The Pound is a Lose-Lose on General Election say ING, Warn of Potential Downside vs. Dollar and Euro

Nigel Farage

Image © Gage Skidmore

- Despite ‘no-deal’ off the table Pound vulnerable

- Early election could see a Conservative-Brexit Party win

- Even if Labour win, their socialist policies negative

The British Pound is at risk of further declines despite the House of Common’s voting on Tuesday to take a Sterling-toxic ‘no-deal’ Brexit scenario off the table, says Dutch lender ING Bank.

ING’s bearish forecast is based on the expectation that Prime Minister Boris Johnson will ultimately get his snap General Election in the middle of October, something he has sought in the hope of winning back a parliamentary majority.

Such an outcome would bestow on him the power to drive forward his vision of Brexit without interference from 'remainer' MPs.

“While Sterling has been rebounding after the UK Parliament’s first successful step towards legislating against a no-deal Brexit yesterday, we note that the (likely) resulting early elections (the motion for this is likely to be submitted today) bode ill for the pound – bar a possible short term reprieve,” says Petr Krpata, chief EMEA and IR strategist at ING in London.

The Pound-to-Euro exchange rate is trading at 1.1083 at the time of writing after recovering from lows of 1.0930 yesterday, following gains after the UK parliament won a decisive no-deal-blocking vote against the government on Tuesday evening.

The Pound-to-Dollar exchange rate has recovered back above 1.21 to quote at 1.2185 after recording a low of 1.1959 on Tuesday.

Following events in parliament, the government now has no majority after losing their majority of 1 yesterday. This happened just before the vote on blocking ‘no-deal’ when conservative MP Philip Lee defected to the liberal democrats. The majority was then further cut after 21 conservative rebels were sacked for voting against the government.

A General Election actually breeds a whole set of new risks for the Pound, says Krpata.

Firstly, Johnson is likely to run on a hard-line Brexit ticket, which will reawaken the spectre of a ‘no-deal’ possibility if he wins as he can then simply repeal whatever law has been introduced barring a ‘no-deal’.

Poll of polls

Image (C) Poll of Polls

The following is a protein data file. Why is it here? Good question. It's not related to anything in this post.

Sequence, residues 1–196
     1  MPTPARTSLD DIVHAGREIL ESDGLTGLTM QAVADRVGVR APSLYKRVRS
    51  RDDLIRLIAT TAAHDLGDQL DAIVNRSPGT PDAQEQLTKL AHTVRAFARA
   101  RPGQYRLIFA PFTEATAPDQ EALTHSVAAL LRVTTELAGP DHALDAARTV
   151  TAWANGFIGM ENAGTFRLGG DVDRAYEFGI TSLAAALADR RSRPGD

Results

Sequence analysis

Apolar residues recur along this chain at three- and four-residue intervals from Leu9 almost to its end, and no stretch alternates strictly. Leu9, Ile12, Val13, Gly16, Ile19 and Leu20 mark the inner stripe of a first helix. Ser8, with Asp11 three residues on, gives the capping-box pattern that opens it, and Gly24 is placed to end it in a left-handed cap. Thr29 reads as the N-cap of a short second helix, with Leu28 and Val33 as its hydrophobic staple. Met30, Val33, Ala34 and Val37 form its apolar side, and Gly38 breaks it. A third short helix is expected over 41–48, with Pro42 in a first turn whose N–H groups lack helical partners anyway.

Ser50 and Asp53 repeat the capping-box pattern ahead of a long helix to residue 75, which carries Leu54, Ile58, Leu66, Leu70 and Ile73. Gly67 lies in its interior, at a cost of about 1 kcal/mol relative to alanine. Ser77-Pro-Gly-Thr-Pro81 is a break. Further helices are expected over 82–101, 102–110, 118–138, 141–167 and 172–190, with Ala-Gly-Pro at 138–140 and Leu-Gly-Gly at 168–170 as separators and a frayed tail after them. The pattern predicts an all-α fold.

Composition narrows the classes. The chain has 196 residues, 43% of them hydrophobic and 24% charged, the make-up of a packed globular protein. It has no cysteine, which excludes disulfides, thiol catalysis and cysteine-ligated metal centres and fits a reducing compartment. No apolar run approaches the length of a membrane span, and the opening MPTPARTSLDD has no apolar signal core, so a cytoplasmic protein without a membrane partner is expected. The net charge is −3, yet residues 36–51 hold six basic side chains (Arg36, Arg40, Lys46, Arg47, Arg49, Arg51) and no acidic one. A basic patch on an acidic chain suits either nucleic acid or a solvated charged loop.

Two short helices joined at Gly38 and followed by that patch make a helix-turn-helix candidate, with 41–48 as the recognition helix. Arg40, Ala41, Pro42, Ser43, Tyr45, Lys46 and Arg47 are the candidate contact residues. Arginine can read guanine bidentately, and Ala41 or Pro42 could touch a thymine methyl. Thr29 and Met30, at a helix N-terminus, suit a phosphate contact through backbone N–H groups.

The conservatives lead labour in the polls by 8% according to average poll results, and whilst they may not have enough of a majority to win a clear outright majority (they only have 33% of the vote), they might achieve a majority with the help of the Brexit party.

Together these party’s command roughly 46% of the vote according to recent polls, which in the UK voting system would almost certainly be enough to give a Conservative-Brexit Party coalition a strong majority.

Such a coalition would obviously be in favour of the most extreme forms of Brexit which would be negative for the Pound.

Secondly, even if Labour were to somehow to win the election, the Pound would probably still fall because of their far-left economic policies which are seen as anti-business.

A Labour government would confiscate about £300bn of shares in 7,000 large companies and hand them to workers in one of the biggest state raids on the private sector to take place in a western democracy, according to analysis by the Financial Times and Clifford Chance.

An early election is by no means certain, however, since Boris Johnson would need to win a majority of two-thirds of MPs in a vote to hold an early general election. Given he does not even have a simple majority this seems unlikely.

What seems more probable is that Jeremy Corbyn will control when an election is held via a vote of no-confidence in the government.

Corbyn has said he will not call such a vote until the ‘no-deal’ bill has gone into law, in order to remove the risk of such an outcome, because it is the prime minister who decides the date of an election, and the opposition says there is a risk he might call for an election after the Brexit deadline, resulting in a default ‘no-deal’ Brexit anyway.

Another very unusual possibility is that Boris Johnson might be able to get an early election via a vote of no-confidence called by his own MPs in his government, in which they purposely voted against their own PM, so as to enable him to decide the date of the next general election.

Another reason ING is bearish the Pound is because they do not think the Pound is properly reflecting the risks on the horizon. Their risk premium model suggests the Pound has more scope for loses to adequately reflect risks of ‘no-deal’ and other negative outcomes.

“As per Sterling risk premium tracker, we see the risk of no-deal Brexit / early election as underpriced by the market and look for more downside to GBP, with more risk premium to be built into the pound,” says Krpata.

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